Out on the Town, Student Life

How to navigate the student apartment hunt

Finding the perfect student apartment can be a patchwork of oxymorons, from homey-but-party-ready or quiet-in-downtown-Montreal. For first-year students beginning the hunt, as well as upper years hoping to move, apartment hunting can be stressful and time-consuming. But first on the agenda is to start the search: Here are some tips to ease the process. 

Finding roommates

Unless you’re hoping to live alone, the first step for second-year housing is to find roommates. But what constitutes a good roommate is not always synonymous with what constitutes a good friend. So, how can you identify someone who you’ll jive with before living together?

Michel Hijazin, U2 Science, shared the importance of agreeing on ground rules in an interview with The McGill Tribune.  

“There’s a lot of standard things to agree on [with potential roommates], like tidiness, cleanliness, and just being able to coexist in each other’s vicinity,” Hijazin said.

Want to test a potential roommate’s compatibility? Observe how they keep their room. By trying to pick a roommate who keeps their personal space similar enough to yours, you may be able to evaluate whether you would agree on how to manage the shared aspects of an apartment. 

If you don’t know of anyone in your social circles who you’d like to room with, McGill Off-campus Housing and International Roommates in Montreal are Facebook groups worth checking out. 

The hunt

Once you have secured potential roommates, then you can discuss preferences and necessities for your future apartment together. Arguably, the question of location dictates most other preferences, since budget, room preferences, windows, and the common area are all strongly tied to how far away from campus you are willing to live. 

Hijazin, a Plateau man, advocates for his neighbourhood.

“I like living further from campus because it allows me to disconnect my life from school. I think of [the 30-minute walk to McGill] as exercise, and walking with some music is good for me,” Hijazin said.

On the other hand, Kate Townson-Carolan, U1 Arts, stresses the geographic advantages of Milton-Parc. 

“While it can be more expensive, there is something nice about living close to your friends, especially when you are in the thick of school. Living in such close proximity means you can have some social interaction without going too far out of your way,” Townson-Carolan told the Tribune. 

As online leasing websites, like Facebook Marketplace, Zumper, and Padmapper, are the main platforms for the thousands of people searching for apartments, it quickly becomes a race to secure the most desirable listings. So, asking landlords about other places they have (that may not be posted online yet) is a good idea.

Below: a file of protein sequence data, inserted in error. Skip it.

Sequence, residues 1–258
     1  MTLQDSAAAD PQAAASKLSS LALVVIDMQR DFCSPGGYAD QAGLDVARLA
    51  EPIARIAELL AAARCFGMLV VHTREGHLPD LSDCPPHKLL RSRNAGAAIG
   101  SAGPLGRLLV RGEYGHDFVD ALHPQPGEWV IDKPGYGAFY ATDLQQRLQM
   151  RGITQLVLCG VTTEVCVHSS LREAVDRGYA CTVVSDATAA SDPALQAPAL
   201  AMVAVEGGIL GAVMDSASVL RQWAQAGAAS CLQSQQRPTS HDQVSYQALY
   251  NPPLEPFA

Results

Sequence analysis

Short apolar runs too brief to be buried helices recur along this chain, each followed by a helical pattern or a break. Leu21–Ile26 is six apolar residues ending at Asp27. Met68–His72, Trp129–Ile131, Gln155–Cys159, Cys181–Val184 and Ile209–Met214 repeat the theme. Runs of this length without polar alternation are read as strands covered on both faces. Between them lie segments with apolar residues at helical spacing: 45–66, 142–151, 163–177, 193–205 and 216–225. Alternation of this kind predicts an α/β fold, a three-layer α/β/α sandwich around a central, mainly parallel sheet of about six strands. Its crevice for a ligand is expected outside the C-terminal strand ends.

Another alternative is to walk around the area you’d like to live in, looking for “for lease” (à louer) signs. Oftentimes these places are not listed online and are easy to check out—this is how I found my current apartment! But remember, 5 ½ doesn’t mean five bedrooms.

Touring apartments

Touring apartments is an unavoidable aspect of the apartment hunt that gives you an opportunity to see all the cracks and fissures that the landlord conveniently left out of the pictures online. 

Diti Jain, U3 Arts, advised that “keeping a physical checklist may be helpful so that you don’t forget to look for things when touring.”

Townson-Carolan added that touring offers not only an opportunity to ask the landlord questions, but the tenants as well. 

“If the [current tenants] are there during the tour, it can be fruitful to take them aside and ask them what their experience with that place was without the landlord present, so you can get a more honest opinion,” Townson-Carolan said.

But, before you sign a lease, make sure that you know your tenant rights to avoid being taken advantage of by your landlord.

The process

Searching for roommates and touring apartments can be a long process, so try to keep your spirits up! Use touring in the Plateau as an excuse to explore the creative murals, or touring Milton-Parc to take a study break at Milton B

Seasoned apartment hunter Sabrina Ahmed, U3 Arts, thinks students should dispel the mythical urgency of apartment hunting. 

“I see a lot of freshmen freaking out when they don’t find a house by the beginning of February, but you can find a place up until the last day of April. Usually, the better deals come later anyway.”

Share this:

Leave a Comment

Your email address will not be published.


Read the latest issue